So, today many of the Christian Churches over the world celebrate the feast day of St Lucy of Syracuse.
Like many of the early martyrs, Lucy had consecrated her virginity to God, and she hoped to distribute her dowry to the poor. However, Eutychia, not knowing of Lucy’s promise and suffering from a bleeding disorder feared for Lucy’s future. She arranged Lucy’s marriage to a young man of a wealthy pagan family.
News that the patrimony and jewels were being distributed came to Lucy’s betrothed, who denounced her to Paschasius, the Governor of Syracuse. Paschasius ordered her to burn a sacrifice to the emperor’s image. When she refused Paschasius sentenced her to be defiled in a brothel. The Christian tradition states that when the guards came to take her away, they could not move her even when they hitched her to a team of oxen. Bundles of wood were then heaped about her and set on fire, but would not burn. Finally, she met her death by the sword.
Absent in the early narratives and traditions, at least until the 15th century, is the story of Lucia tortured by eye-gouging. According to later accounts, before she died she foretold the punishment of Paschasius and the speedy end of the persecution, adding that Diocletian would reign no more, and Maximian would meet his end. This so angered Paschasius that he ordered the guards to remove her eyes.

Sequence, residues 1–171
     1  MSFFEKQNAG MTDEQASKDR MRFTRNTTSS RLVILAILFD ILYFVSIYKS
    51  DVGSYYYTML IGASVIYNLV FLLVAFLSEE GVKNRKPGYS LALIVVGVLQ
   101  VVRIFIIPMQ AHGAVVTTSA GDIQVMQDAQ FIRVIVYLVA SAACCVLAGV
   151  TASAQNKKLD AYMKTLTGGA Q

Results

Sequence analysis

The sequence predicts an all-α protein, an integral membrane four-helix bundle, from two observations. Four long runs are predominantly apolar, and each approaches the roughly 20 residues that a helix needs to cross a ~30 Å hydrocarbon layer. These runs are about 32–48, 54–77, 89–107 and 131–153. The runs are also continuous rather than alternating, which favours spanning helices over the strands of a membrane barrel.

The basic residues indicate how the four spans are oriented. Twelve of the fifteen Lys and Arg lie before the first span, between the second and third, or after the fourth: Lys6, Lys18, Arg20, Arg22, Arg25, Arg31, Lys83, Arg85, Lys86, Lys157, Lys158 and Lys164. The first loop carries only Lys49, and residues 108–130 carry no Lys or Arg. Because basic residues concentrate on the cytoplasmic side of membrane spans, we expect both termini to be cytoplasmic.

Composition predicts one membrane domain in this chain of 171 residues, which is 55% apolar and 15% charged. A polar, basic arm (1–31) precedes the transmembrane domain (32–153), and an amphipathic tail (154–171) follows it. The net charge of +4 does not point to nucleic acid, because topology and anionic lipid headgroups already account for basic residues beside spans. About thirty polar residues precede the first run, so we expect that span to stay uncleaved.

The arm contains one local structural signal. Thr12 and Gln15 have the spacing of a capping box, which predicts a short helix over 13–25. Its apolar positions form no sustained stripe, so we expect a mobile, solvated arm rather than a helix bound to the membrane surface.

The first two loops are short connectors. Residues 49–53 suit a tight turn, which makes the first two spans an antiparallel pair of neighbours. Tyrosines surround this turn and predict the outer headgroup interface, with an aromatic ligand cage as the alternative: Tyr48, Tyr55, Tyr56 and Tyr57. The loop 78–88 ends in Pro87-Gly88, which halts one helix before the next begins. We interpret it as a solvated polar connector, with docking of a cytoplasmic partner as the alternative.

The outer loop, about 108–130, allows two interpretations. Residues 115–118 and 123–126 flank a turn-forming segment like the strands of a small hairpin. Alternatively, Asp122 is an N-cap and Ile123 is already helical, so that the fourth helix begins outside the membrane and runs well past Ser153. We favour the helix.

St Lucy is the patron saint of, amongst others, people who suffer from illnesses to their eyes, people who are blind and the US State of Nebraska.
Lucy’s feast is on 13 December, in Advent. Her feast once coincided with the Winter Solstice, the shortest day of the year, before calendar reforms, so her feastday has become a festival of light. This is particularly seen in Scandinavian countries, with their long dark winters. There, a young girl dressed in a white dress and a red sash (as the symbol of martyrdom) carries palms and wears a crown or wreath of candles on her head. In both Norway and Sweden, girls dressed as Lucy carry rolls and cookies in procession as songs are sung. It is said that to vividly celebrate St. Lucy’s Day will help one live the long winter days with enough light.
One of the two versions of the song that is sung is, somewhat jokingly, transcribed phonetically (-ish) above, so you can join in the singing too!, and the tune can be found on Spotify here 🙂